Reports that the Stamp Duty Land Tax (SDLT) holiday might be extended next week will still leave the housing market on a cliff edge if paperwork deadlines are not put in place, according to property law experts, Adcocks Solicitors.
As it stands, the SDLT holiday is set to expire on 31 March 2021 and anyone looking to take advantage of the savings must have completed the sale by the deadline. However, this is resulting in many buyers taking a high-risk strategy, including finding alternative ways to fund the purchase, skipping essential property searches and not having the house valued or surveyed.
Historically, legal transactions relating to the housing market take between eight and ten weeks to complete but in the current pandemic it is taking up to eighteen weeks and even longer in some cases. However, with the 31 March deadline on the horizon, lawyers are facing pressure to submit transactions quickly, while other standard elements are being avoided completely. While an extension is being reported, Adcocks Solicitors is calling on the Government to incorporate a paperwork deadline to ease pressure and avoid similar circumstances at a later date.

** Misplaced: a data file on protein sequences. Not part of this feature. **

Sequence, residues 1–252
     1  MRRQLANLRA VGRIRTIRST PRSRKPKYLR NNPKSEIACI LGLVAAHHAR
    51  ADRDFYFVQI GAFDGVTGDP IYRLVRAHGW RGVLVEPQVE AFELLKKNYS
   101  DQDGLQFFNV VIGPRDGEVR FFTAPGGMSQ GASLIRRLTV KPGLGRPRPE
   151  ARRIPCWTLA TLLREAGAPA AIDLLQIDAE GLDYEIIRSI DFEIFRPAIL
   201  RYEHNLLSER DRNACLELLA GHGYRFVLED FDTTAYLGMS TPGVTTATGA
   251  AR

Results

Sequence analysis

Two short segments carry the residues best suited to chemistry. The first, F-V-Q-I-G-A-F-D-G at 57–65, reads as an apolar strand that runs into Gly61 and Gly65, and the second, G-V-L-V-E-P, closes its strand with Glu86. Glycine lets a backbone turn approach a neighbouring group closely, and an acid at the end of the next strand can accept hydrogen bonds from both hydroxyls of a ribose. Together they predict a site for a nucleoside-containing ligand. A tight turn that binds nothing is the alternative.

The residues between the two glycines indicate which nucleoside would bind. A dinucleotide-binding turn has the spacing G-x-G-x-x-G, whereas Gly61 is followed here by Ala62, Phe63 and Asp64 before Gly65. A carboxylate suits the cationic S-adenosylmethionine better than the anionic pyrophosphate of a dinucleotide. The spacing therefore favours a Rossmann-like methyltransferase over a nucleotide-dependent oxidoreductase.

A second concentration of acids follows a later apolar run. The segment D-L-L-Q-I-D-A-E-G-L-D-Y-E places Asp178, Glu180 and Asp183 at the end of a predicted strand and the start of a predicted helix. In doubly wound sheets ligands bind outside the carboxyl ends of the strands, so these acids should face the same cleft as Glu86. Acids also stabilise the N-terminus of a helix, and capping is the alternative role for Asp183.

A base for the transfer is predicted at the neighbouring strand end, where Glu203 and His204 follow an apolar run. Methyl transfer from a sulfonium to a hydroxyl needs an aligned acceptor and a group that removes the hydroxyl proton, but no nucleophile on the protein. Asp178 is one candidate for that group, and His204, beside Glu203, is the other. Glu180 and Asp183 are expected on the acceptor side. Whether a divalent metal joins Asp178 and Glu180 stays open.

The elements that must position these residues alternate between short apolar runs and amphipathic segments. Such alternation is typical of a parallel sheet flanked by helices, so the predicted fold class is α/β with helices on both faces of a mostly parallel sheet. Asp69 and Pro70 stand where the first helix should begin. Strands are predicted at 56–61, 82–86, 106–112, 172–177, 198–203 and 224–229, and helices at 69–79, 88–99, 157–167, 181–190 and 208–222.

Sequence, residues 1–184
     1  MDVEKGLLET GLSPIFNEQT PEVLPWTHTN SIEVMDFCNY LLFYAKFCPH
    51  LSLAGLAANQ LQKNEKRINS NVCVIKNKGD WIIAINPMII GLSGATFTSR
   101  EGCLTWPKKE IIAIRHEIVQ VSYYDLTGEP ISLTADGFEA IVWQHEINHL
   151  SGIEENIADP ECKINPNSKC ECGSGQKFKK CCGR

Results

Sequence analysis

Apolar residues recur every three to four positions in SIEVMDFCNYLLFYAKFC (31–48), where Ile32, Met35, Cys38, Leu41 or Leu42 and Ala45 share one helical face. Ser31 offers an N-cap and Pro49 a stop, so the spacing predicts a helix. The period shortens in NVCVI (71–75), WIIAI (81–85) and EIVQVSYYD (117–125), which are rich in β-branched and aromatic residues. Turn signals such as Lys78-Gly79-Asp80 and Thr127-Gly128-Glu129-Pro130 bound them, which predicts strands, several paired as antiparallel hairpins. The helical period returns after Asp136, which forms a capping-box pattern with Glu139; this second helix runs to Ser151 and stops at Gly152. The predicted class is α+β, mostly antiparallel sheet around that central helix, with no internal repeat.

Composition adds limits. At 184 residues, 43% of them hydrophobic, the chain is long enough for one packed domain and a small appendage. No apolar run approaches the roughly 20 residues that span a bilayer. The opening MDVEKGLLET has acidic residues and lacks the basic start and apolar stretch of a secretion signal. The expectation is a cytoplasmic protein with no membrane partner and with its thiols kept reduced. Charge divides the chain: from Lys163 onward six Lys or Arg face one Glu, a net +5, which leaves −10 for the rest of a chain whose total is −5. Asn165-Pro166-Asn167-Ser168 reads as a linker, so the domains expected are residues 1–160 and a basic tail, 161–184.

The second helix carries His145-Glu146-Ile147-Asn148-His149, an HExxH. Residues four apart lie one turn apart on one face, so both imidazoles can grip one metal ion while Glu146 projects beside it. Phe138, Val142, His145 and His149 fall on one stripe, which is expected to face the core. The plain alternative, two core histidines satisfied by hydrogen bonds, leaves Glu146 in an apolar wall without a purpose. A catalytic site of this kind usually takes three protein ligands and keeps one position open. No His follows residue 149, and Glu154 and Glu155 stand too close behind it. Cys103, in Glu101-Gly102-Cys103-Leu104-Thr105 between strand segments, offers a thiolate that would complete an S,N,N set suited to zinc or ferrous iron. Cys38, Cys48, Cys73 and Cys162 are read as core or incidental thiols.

Hedley Adcock, Director of Adcocks Solicitors and member of Birmingham Law Society, said: “The SDLT holiday has had the desired effect across the country, however the deadline is adding great uncertainty on the housing market. With buyers taking high-risk strategies to speed up the process, such as skipping essential property searches and not having the property valued, the rush to complete has never been riskier.
“If an extension is announced next week, it is essential that a tapering off period is also granted, such as a paperwork deadline. In other words, buyers who have either exchanged contracts but not completed, or those who can demonstrate they have started a transaction before the deadline and have incurred solicitor costs, for example. This so called ‘grandfathering’ of the SDLT holiday would ease the pressure on the current backlog and ensure searches or valuations are not ignored in order to receive the tax relief. Our worry is that if the deadline is simply extended, we can expect to see buyers continue to take unnecessary risks to aid the moving process in a few months’ time.”